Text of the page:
Having a propeller of the right pitch is especially important for optimizing both boat performance and fuel efficiency. Perhaps the best way to think about pitch is by comparing it to gearing on a car. A low-pitch - or a short prop - will provide strong acceleration or hole shot but may compromise top-end speed and cause the engine to exceed maximum RPMs, known as over-revving. In contrast, a tall prop with a high pitch rating can deliver top-end speed but will have a hard time getting the boat on plane. It can also make it hard for the boat’s engine to reach its optimal operating range.  

Using the car comparison, low gear is great for coming off the line and climbing up steep hills. But it wouldn’t be very practical to drive on the freeway with a car stuck in low gear. Conversely, you wouldn’t want to climb a steep hill with a stick shift car stuck in 5th gear.

The ideal prop for each boat is one that provides strong acceleration and hole shot, while also allowing the engine to reach the recommended maximum RPM range at wide-open throttle. Finding this might require a bit of trial and error. If you’re running a 17-inch pitch prop and going past your engine’s recommended maximum RPM at wide-open-throttle, try the next higher 19-inch pitch model. The opposite can also apply, depending on your situation. Try moving down in pitch if your boat is sluggish out of the hole, and/or can’t reach its maximum RPM range while running at full throttle.

How to choose the right propeller for your boat

An ill-fitting prop can cause a range of issues for boaters. As we’ve discussed, your boat may accelerate sluggishly, not reach the top speed you expect, or use more fuel than it should. Running an engine with a prop that doesn’t allow the motor to reach its maximum operating range can even cause engine damage over time.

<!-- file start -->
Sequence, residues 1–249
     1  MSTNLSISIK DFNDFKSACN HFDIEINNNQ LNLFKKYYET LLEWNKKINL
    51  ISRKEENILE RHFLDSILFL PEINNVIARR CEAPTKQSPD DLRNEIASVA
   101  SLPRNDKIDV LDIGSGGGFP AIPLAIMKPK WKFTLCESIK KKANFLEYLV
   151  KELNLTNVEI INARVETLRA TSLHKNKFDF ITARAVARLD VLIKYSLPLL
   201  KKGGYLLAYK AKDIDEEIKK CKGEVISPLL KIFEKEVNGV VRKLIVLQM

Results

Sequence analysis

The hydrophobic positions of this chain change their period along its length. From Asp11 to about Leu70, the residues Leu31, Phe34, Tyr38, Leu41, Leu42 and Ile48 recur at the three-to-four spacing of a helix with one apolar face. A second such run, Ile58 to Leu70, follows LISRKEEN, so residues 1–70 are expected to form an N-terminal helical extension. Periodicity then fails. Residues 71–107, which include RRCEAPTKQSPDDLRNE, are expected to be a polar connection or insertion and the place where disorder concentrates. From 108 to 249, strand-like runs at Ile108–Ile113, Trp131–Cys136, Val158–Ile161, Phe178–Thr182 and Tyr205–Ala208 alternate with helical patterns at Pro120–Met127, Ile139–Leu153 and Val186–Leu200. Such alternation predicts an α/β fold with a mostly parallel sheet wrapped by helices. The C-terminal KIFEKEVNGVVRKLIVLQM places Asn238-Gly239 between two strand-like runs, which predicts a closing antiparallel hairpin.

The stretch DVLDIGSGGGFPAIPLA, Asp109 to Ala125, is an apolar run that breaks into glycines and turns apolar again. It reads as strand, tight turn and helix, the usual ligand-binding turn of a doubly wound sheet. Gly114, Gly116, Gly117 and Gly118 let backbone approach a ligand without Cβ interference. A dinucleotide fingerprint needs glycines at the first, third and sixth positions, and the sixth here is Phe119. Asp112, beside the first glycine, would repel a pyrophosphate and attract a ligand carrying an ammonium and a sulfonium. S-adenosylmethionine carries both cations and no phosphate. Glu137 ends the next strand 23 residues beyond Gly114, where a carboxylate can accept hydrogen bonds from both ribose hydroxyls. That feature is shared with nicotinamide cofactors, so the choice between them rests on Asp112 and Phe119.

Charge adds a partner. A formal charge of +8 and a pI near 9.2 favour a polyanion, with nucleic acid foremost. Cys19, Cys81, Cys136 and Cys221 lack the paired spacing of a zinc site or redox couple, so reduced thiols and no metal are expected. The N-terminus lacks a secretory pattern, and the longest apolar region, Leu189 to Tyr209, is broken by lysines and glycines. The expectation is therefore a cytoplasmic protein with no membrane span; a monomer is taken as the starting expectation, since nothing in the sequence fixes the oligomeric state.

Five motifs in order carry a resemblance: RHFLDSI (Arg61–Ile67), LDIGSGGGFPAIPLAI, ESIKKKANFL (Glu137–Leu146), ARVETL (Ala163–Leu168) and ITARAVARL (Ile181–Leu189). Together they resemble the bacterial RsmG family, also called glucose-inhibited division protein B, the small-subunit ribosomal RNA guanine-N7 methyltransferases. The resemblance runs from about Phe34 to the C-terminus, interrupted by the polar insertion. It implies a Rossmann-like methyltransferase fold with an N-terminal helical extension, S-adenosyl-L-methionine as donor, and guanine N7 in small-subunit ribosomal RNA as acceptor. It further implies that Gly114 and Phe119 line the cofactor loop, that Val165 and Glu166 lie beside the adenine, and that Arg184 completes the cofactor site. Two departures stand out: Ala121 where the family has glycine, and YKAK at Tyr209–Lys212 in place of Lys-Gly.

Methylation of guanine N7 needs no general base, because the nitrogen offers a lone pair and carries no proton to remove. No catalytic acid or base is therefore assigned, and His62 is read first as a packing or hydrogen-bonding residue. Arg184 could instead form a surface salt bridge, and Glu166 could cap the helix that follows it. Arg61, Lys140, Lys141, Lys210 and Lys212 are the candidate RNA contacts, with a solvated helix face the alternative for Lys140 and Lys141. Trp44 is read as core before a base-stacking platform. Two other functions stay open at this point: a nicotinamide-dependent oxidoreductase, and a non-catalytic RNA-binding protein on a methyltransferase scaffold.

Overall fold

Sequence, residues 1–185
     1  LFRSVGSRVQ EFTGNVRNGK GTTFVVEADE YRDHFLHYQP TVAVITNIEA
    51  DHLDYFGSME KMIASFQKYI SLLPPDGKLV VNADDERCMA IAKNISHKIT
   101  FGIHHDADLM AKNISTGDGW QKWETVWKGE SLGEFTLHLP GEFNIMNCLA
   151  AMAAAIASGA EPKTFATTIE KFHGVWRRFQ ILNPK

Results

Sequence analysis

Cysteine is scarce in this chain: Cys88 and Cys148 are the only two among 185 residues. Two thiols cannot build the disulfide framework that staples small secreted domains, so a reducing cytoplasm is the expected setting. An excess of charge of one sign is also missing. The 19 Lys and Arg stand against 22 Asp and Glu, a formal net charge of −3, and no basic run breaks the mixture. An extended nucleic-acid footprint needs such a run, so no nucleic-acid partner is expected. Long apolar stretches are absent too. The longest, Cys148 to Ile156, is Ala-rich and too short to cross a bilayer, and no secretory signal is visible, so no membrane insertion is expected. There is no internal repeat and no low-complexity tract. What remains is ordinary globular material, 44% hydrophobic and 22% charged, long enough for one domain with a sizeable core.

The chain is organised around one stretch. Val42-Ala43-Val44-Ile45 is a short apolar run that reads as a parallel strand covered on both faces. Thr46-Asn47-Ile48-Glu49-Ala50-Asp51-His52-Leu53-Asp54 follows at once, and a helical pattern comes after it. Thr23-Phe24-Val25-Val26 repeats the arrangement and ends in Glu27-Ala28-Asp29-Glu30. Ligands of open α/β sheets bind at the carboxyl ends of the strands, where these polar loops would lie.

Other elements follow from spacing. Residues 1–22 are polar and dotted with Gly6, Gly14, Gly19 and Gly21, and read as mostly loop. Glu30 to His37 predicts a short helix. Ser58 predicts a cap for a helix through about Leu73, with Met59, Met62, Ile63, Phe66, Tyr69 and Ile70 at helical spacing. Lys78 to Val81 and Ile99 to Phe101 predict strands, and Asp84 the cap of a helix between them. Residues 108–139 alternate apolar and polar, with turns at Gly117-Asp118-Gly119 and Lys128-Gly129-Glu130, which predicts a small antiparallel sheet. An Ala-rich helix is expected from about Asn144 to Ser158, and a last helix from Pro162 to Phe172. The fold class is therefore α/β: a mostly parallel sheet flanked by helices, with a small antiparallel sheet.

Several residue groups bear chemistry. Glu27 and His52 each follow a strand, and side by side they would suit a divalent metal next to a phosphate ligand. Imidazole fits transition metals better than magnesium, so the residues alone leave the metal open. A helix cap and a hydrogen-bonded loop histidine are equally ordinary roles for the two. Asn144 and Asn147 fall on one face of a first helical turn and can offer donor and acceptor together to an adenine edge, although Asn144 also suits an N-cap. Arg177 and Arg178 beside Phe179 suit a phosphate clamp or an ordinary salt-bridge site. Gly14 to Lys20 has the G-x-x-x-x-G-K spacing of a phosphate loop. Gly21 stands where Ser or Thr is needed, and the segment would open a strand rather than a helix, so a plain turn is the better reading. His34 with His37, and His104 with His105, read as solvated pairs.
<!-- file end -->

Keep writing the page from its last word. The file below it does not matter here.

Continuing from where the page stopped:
Running different propellers is the best way to narrow down the ideal option for your boat. To make this testing and evaluation process realistic, load your boat the way you use it. If you’re an offshore fisherman who always fishes with tons of gear and three buddies, fill up the tank, load up your gear, and take your friends along on propeller trials.    

You want to find a prop that not only hits the numbers you’re looking for but also reaches your goal during actual real-world situations. Again, you’re looking for a propeller that provides the best balance of hole shot and top-end performance. Your boat should pop onto plane without too much bow rise, and your engine RPMs should fall within the manufacturer’s recommended range when properly trimmed out and running at top speed.  

When buying a new boat or repowering an existing one, work with your dealer on prop recommendations. Try various options if possible. Even if you’ve been running the same boat for years, you might be able to improve your boat’s performance and fuel efficiency by upgrading to a different propeller.

When in doubt, contact your local SIERRA dealer and consult your engine's manual.